Big Ideas for Balcony-Sized Spaces

It's Showtime here in Seattle! The Northwest Flower and Garden Show is always a seasonal highlight for garden lovers and dreamers with so many ideas to help you make the most of your space no matter how large or small.

The City Living display features ten patio gardens, each just 6' x 12', typical of a balcony, deck or petite courtyard. Designers are invited to create a unique outdoor living space suitable for relaxing and entertaining. While every single display offered inspiration, as one of three judges, I was asked to select help winners for two specific awards –  Best Design and Best Plant Material. I thought you'd like to see which displays we chose and why.

Best Design: Rock the Casbah

The criteria we were looking for included the following:

  • Is the exhibit unique and memorable?
  • Does it utilize the space well?
  • Are furniture and accessories in scale with the size of the garden?
  • Is color carefully considered and effectively used?

As we looked at the seductive layers of textiles, lush foliage and creative use of space there was no doubt that this design by JJ de Sousa checked all the boxes.

What we loved – and what you could do

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  • A clear color palette made a strong design statement. I felt as though I had been transported to the Jardin Majorelle!
  • Layers! This is when "more is more" really works: layers of fabrics, cushions and tiered plant stands.
  • Great use of vertical space with the tented walls festooned with trailing foliage and horizontal railings used to display lanterns and plants
  • Plenty of room for friends with the low, extended bench yet not too crowded
  • Clever way to disguise tent pole with a lush container at the base
  • Ingenious ceiling of fabric to create a tent. Rather than making the space feel smaller it actually felt wider. We had to double check this was in fact still just 12 feet wide!
  • Cohesive plant selection with a focus on lush tropical foliage.

If we were to change one tiny thing?

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As judges we try to give helpful critique. Our one tiny peeve was the blindingly white cyclamen. I understand designers are always limited by plant availability but I might have selected either croton which would have repeated the fiery tones in their foliage or perhaps bromeliads, again in shades of orange, red and yellow although for interest I'd have been tempted to add in some deep magenta.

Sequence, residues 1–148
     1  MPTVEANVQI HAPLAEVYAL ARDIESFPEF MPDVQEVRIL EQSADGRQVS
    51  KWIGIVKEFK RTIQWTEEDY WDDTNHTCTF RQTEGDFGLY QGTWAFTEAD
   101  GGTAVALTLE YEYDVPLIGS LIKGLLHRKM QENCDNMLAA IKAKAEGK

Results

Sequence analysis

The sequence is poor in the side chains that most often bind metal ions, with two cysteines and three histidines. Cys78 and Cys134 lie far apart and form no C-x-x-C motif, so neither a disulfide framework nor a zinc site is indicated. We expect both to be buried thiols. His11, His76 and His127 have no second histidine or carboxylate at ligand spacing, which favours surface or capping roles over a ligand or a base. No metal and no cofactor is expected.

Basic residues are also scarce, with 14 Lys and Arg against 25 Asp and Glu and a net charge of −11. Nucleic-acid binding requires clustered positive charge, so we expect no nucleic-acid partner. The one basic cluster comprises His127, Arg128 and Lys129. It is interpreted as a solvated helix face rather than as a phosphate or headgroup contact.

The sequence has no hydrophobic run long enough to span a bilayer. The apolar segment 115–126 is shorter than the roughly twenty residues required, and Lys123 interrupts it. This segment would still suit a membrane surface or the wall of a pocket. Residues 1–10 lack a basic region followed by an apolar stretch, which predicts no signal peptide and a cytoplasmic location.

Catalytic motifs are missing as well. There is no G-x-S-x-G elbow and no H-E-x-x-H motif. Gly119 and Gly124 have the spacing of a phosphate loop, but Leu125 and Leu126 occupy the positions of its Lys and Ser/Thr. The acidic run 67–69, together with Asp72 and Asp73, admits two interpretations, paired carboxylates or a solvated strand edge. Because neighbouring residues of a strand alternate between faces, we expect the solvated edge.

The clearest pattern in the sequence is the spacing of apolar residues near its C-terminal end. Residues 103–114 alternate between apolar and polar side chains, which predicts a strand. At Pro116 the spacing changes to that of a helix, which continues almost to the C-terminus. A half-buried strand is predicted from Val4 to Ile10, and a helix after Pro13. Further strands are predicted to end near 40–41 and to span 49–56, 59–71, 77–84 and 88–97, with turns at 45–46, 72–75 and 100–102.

Regardless it was a truly memorable, eye-catching display and one that was refreshingly different.

You can find out more about the JJ de Sousa and her Portland based business Digs Inside and Out on her website or Facebook

Best Plant Material: What's Your Cure for Spring Fever?

The criteria we were looking for included the following:

  • Is texture of foliage carefully considered and effectively used?
  • Are the foliage and flowers without blemish?
  • Has grooming been done carefully?
  • Is color carefully considered and effectively used?

Designer Lyn Robinson from Zenith Holland Nursery nailed it – and then some!

What we loved:

  • The plant quality was exceptional – from frothy ferns to spiky agave and pristine orchids. This was honestly some of the best quality plant material we had EVER seen in a display.
  • The color palette was exquisite. We loved the bright greens with smoky blues, while the dusty pink and burnt orange accents added just enough contrast to stop it becoming predictable. Notice how Lyn married the colors of every detail together from foliage and flowers to artwork, containers, and textiles. I wanted to move right in!
  • Ferns and orchids are frequently used in displays – but it was genius to combine them with a spiky blue agave and tricolor rubber plant. GREAT texture contrast. In fact without that agave in the large pot balancing the taller banana the entire design would have felt flat, a design concept often misunderstood. They added drama, dimension and strength.

So why didn't it win Best Design?

I know some of you will be wondering! It was certainly short-listed, but it missed on two details:

  • We felt that the creased, patchwork, burlap walls distracted rather than enhanced the design. A single layer of burlap would have worked – but this busy patchwork visually competed with the display.
  • It needed more negative space- in other words, as stunning as it was, we didn't feel it was truly a livable space – it was just a bit too crowded.

It was, however, one of the most beautiful displays in recent years and managed to break away from the Asian/Zen-inspired theme just enough to still feel cohesive yet not contrived.

You can visit Zenith Holland Nursery in Des Moines, WA and be sure to follow them on Facebook.

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  1. Joan Brasier on March 3, 2020 at 4:11 am

    This is a great piece! I was disappointed when I scrolled down for more and there were only two. Thanks for the early morning lift today!

    • Karen Chapman on March 3, 2020 at 2:15 pm

      Glad you enjoyed the post Joan. I could have written pages on each of the 10 displays but decided just to focus on the ones we gave awards to as it's not often judges have the opportunity to explain their rationale!

  2. Jim on March 3, 2020 at 6:39 am

    Love how you share what you liked about the design- and what we can do (what ideas we can “steal”). Thanks Karen!

    • Karen Chapman on March 3, 2020 at 2:15 pm

      My pleasure Jim!

  3. Anocha on March 4, 2020 at 10:16 pm

    For the Rock the Casbah, if it had been snowy setting of a home like now with the white of winter outside the windows, I feel the cyclamens bridge the space and bring the outside in 😊